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Initial Economic Data Encouraging

As we predicted last year, consumer prices became tamer at the start of 2019, as the Duterte administration showed its resolve to manage the price situation.


Data from the Philippine Statistics Authority show that the inflation rate, which gauges the movement in prices, eased to 4.4 percent in January 2019, the slowest in 10 months. It gradually declined from a nine-year peak of 6.7 percent in October 2018, 6.0 percent in November and 5.1 percent in December.


I share the optimism of the government’s economic managers who said the latest inflation figure “gives us an auspicious start in our efforts this year to keep inflation manageable and bring it back to the government’s target range of 2 percent to 4 percent for 2019.”


With slower inflation, we can expect a much stronger economy. It provides households with greater spending power and encourages more businesses to invest because it means a more predictable and stable economic environment.


The Monetary Board of the Bangko Sentral ng Pilipinas, in its latest meeting on February 7, 2019, kept the overnight borrowing rate unchanged at 4.75 percent, based on its assessment of a more manageable inflation environment. It said inflation is expected to settle within the target range of 2-4 percent for 2019 and 2020, as price pressures continue to recede amid the decline in international crude oil prices and the normalization of supply conditions for key food items.


Such a statement, for me, is an assurance that we will have a predictable business environment within the next couple of years.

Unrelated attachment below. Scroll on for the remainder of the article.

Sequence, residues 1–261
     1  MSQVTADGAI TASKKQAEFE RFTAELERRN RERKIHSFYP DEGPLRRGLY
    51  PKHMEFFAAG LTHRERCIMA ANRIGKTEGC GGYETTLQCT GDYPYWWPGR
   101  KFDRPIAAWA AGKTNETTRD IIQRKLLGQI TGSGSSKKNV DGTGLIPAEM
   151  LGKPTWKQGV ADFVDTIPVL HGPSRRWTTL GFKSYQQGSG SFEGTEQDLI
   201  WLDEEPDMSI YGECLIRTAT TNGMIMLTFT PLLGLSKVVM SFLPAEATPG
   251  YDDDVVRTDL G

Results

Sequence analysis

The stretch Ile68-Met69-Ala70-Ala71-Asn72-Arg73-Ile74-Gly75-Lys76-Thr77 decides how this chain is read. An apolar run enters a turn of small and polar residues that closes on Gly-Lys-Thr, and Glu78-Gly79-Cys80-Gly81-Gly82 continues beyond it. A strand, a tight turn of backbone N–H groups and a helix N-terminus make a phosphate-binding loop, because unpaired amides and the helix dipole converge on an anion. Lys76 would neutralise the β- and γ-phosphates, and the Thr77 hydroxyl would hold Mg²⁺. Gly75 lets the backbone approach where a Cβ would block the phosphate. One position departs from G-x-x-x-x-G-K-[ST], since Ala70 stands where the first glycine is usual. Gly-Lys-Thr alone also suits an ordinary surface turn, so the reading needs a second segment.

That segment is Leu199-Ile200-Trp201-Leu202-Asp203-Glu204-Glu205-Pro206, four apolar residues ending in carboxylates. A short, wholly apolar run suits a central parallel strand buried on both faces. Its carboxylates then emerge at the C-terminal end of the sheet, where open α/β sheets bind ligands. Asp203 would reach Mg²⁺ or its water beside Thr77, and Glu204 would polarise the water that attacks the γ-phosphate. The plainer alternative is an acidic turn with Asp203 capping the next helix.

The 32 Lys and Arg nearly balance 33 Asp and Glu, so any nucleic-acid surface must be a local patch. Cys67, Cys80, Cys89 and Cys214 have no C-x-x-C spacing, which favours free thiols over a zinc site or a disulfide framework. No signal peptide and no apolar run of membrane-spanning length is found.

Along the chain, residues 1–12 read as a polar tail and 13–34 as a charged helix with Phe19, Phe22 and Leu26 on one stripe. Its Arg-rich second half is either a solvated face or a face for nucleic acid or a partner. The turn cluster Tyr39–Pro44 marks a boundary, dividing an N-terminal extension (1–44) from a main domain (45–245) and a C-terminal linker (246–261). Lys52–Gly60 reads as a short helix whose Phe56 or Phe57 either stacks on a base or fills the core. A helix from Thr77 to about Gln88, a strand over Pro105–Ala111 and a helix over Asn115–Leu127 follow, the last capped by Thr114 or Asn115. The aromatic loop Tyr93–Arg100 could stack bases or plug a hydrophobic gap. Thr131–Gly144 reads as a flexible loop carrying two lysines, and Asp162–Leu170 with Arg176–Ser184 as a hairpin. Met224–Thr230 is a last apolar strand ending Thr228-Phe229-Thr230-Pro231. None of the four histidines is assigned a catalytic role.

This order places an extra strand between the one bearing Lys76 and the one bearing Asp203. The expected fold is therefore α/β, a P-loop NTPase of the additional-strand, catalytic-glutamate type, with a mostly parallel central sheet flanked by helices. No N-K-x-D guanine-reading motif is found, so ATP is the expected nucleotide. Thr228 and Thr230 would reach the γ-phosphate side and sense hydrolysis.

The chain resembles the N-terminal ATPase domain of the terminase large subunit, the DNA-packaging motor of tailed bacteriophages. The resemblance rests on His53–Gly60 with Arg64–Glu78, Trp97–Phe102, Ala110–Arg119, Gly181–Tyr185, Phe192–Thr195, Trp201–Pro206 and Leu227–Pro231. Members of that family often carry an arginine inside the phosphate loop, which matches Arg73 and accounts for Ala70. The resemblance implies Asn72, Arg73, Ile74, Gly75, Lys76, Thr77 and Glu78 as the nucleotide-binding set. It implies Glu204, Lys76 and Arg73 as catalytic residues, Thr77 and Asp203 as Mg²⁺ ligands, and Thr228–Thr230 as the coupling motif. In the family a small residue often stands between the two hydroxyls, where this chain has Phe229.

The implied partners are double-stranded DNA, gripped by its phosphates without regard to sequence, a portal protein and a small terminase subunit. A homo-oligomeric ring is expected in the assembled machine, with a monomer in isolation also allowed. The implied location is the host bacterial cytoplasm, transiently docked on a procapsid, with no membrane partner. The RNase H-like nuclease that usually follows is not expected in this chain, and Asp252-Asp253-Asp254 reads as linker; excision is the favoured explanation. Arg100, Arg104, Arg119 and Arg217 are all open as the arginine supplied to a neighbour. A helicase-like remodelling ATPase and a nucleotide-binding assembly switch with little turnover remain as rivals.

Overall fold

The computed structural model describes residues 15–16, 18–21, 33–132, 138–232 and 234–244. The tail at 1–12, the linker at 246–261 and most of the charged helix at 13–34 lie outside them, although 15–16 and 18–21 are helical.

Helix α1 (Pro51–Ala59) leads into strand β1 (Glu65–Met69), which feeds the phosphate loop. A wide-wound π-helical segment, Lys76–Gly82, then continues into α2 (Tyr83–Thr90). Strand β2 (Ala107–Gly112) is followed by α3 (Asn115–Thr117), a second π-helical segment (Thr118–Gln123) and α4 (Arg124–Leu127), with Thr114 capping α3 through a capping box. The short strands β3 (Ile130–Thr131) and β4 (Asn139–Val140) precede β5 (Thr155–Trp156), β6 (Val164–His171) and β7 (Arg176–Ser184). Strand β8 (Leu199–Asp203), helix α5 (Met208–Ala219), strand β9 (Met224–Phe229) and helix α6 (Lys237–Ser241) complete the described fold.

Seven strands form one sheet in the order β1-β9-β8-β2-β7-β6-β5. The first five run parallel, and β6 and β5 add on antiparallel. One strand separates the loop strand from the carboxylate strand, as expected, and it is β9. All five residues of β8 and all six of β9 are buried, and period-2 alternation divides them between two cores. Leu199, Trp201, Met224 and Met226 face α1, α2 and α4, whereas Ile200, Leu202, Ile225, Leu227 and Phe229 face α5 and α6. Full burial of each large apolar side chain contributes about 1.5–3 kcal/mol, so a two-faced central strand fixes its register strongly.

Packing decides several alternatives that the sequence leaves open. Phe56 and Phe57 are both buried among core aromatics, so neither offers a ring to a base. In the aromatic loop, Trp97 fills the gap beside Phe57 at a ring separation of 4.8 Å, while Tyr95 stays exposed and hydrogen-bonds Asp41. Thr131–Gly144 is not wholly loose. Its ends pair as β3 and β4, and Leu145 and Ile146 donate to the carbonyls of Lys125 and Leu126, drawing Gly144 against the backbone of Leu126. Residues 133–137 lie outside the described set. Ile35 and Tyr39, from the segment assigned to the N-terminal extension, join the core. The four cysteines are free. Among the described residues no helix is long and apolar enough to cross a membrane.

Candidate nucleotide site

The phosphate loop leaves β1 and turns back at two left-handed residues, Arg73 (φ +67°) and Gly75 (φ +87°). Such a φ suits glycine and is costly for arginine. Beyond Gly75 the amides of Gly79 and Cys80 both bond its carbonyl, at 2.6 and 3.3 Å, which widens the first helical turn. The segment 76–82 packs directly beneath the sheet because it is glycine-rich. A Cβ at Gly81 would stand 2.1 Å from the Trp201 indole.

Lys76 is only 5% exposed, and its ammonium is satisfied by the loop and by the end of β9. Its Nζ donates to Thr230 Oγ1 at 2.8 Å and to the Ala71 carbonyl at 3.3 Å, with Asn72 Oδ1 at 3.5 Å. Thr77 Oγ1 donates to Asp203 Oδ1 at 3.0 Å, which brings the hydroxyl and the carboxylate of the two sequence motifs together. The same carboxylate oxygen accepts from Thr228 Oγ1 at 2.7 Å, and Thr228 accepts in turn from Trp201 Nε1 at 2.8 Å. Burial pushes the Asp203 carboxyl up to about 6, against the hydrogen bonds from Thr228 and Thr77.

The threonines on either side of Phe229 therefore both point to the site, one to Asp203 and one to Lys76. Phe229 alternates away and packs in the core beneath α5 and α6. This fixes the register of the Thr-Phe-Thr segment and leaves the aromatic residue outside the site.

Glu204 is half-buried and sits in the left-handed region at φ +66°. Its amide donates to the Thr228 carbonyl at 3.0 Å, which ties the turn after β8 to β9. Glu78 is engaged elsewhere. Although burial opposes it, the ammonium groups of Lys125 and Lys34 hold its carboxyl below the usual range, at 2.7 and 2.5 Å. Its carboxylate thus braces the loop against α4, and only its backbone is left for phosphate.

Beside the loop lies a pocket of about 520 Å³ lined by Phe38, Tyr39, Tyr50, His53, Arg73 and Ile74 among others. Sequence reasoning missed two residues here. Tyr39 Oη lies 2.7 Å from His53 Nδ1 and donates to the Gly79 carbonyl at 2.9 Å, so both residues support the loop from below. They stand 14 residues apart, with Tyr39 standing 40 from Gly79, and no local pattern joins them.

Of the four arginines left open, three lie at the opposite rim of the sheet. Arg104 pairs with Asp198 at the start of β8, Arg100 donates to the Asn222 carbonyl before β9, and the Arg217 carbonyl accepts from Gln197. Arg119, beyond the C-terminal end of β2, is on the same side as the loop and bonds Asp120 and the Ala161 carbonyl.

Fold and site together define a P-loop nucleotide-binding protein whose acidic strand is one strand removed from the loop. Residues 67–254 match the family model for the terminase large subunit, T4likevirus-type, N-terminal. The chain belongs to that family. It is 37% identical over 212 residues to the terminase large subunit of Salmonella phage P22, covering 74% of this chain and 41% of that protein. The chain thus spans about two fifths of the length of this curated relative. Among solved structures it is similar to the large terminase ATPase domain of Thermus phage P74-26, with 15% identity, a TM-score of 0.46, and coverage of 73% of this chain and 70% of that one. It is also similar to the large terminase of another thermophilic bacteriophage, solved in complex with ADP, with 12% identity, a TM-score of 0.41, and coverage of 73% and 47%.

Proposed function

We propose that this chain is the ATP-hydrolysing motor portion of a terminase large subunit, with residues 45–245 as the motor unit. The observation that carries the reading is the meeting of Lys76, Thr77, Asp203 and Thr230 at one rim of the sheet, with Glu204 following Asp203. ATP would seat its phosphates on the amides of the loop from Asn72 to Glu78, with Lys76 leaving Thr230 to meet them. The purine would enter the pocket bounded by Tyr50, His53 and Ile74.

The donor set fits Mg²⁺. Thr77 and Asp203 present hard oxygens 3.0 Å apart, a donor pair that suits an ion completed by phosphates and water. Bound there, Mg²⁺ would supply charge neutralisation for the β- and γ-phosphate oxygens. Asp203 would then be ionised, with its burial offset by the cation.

It is amazing to see the resilience of the Philippine economy, as it quickly rebounded from what seemed to be temporary imbalances in 2018. Despite the challenges in 2018, the gross domestic product actually grew 6.2 percent, still making the Philippines one of the fastest-growing economies in Asia.


Budget Secretary Benjamin E. Diokno, himself a noted economist, said in a speech before the European Chamber of Commerce of the Philippines: “In the medium term, the Philippines will remain to be one of the fastest-growing economies in the fastest-growing region the ASEAN region—in the world.”


Secretary Diokno is confident that in the next four years, the economy will grow at 7 to 8 percent annually, supported by key structural reforms and expansionary fiscal programs.


I am also optimistic about 2019, as the speculative fever dissipated this year. Aside from the slower inflation rate, other sources of optimism are the more stable exchange rate, with the peso now steady at 52 against the US dollar, the resolution of the rice supply crisis, the decline in world crude prices, the recovery of the stock market and the robust financial system.


As the peso stabilized, the gross international reserves climbed to $82.1 billion as of January 2019, the highest in 20 months. At this level, the reserves can cover more than seven months of import payments, above the international benchmark of three months.


Meanwhile, the PSEi, the 30-company benchmark index of the Philippine Stock Exchange, jumped 7.3 percent in January 2019, making the local bourse among the biggest gainers in Asia during the period.


The Board of Investments, the biggest incentive-giving body, said it approved P97.9 billion worth of investment commitments in January 2019, an impressive 91-percent increase from P51.3-billion registered in the same month last year. Trade Secretary and BOI Chairman Ramon M. Lopez said the figure “augurs well for the rest of the year as we aim to cross the uncharted trillion-peso mark in investment approval for the whole year.”


Filipino consumers are also ready to spend more this year. Automotive companies expect sales to rebound 10 percent in 2019, following a 16-percent slump in 2018, which was partly due to the initial implementation of the Tax Reform for Acceleration and Inclusion law.


On the political front, President Duterte has become more popular than ever. The president was named the most trusted government official in the survey conducted by Pulse Asia in December 2018, with an approval rating of 81 percent and a trust rating of 76 percent.


The initial statistics at the start of 2019 are positive, despite the challenges in the global economy. We must discard negative and speculative thoughts to encourage more investments in the country, contribute to economic growth and achieve what our economic managers describe as “Asia’s next success story.”